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The Droving Days – capturing Paroo's history

Margie Brown’s research into Paroo’s past has informed a distinctly Queensland story for her new book, The Droving Days.



The pastoral industry plays a significant role in the history and continuing lifestyle of South West Queensland communities.

A Regional Arts Development Fund (RADF) grant from Paroo Shire Council supported author Margie Brown to research the rich history of the region’s pastoral industry, its changing management practices after the 1960s, the importance of the stock routes and the growth of its townships.

The project involved recording oral histories with station owners, pastoral workers and business owners in districts including Cunnamulla, Thargomindah, Eulo, Quilpie and Winton. 

Visits to the State Library of Queensland in Brisbane helped Margie access public records.

Margie’s research provided an extensive amount of information to inform the narrative of her book. 

Margie is the author of Cocky – A Rare Breed, which tells the story of war hero, larrikin and champion racehorse trainer Charles William 'Cocky' Easton.


When and where

July to December 2018, South West Queensland and Brisbane


Key stats

  • Engaged over 30 people
  • Conducted 10 oral history recordings
  • Identified 30 images relating to the pastoral industry
  • Identified more than 50 historical images of the Cunnamulla and Eulo townships, community life, its legends and heroes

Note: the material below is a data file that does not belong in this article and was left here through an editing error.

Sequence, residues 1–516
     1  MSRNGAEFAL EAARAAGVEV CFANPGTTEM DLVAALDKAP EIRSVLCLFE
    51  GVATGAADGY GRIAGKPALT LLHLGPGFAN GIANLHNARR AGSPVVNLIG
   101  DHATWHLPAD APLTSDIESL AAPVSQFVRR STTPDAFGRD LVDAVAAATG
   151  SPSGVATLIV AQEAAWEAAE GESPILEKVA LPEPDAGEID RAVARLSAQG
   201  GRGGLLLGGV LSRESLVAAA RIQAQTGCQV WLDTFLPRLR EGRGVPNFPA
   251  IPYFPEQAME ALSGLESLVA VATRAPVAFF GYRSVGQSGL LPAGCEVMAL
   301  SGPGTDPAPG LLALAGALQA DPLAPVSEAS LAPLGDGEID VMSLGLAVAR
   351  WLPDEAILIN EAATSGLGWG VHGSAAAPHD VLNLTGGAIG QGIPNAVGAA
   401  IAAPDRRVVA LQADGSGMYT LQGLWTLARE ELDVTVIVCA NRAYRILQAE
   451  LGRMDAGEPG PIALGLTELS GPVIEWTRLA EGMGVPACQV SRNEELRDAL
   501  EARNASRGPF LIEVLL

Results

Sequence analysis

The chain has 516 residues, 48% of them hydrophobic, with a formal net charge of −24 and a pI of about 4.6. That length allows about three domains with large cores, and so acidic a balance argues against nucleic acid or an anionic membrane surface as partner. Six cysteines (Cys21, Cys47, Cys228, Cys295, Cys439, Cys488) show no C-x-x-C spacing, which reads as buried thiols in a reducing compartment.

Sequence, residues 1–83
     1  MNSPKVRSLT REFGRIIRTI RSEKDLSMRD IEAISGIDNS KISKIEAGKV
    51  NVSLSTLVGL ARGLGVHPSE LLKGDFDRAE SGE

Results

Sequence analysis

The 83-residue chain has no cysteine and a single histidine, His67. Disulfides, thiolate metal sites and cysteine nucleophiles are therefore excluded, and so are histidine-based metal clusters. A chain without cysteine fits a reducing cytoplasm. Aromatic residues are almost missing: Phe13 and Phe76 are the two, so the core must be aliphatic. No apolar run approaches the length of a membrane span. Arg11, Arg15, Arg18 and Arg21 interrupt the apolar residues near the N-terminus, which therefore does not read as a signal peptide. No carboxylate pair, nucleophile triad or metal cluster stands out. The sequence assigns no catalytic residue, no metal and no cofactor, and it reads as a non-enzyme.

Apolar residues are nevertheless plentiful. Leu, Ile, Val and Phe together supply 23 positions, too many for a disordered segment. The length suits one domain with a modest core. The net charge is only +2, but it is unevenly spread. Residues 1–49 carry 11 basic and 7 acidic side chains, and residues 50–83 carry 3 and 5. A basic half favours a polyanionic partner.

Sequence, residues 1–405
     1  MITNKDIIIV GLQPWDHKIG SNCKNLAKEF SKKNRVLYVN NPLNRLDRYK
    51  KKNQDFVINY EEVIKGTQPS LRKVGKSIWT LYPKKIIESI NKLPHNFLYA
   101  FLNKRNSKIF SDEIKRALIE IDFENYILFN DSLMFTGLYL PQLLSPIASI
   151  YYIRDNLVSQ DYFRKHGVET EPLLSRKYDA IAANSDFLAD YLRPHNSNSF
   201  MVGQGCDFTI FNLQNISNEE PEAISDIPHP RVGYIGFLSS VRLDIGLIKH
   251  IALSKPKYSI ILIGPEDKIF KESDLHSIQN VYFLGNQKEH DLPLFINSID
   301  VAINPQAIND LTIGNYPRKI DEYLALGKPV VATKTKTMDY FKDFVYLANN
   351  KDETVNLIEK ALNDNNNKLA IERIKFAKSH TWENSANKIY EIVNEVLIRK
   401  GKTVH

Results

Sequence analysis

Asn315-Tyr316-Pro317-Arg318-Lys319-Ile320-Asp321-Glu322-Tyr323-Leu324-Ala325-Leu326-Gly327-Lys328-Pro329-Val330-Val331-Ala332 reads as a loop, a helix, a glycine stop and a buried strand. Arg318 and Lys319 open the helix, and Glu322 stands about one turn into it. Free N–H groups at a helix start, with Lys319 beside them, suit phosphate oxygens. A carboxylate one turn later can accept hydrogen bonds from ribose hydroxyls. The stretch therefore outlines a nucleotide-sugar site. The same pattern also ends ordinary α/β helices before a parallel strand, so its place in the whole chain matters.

$2940 – Regional Arts Development Fund (RADF)

RADF is a partnership between the Queensland Government and Paroo Shire Council to support local arts and culture in regional Queensland. In 2018-19, Arts Queensland invested $2.08 million in the RADF partnership across 58 councils statewide to support local talent and arts experiences.



  • Margie was able to hone her research and recording skills through the oral history interviews conducted during the book’s development. 
  • Research uncovered new stories and images about the period which will be used in the production of a DVD to accompany her book. This will provide a collection of historical facts about the community, the pastoral industry and the history of droving for future generations.
  • An independent book publisher in New South Wales has shown interest in publishing the final book.


Reflections and learnings

Margie commented on some of the challenges she experienced undertaking this type of research:

The lack of a single information source pertaining to the development of the pastoral industry in the Paroo district from the 1860s and in particular post-1960s.

The time involved in securing diverse government, public or private sources of information relating to land management practices, property ownership, rainfall records, droving tracks, markets and changing lifestyles over many years. 

Difficulty accessing records from the Mitchell Library in Sydney. Queensland residents are not permitted online access to library records; therefore must present in person to view information.



Tips for others

Personal stories are so important to provide a local perspective.

Research your topic thoroughly as there are always different perspectives to any one story.

Local families provide a rich source of stories and images not available in public records.

Don’t give up; take a break and stay committed.


What next

Margie is in the first draft stage of writing The Droving Days.


Find out more

Paroo Shire Council Regional Arts Development Fund

A pdf version of this case study is available here (199.99 KB).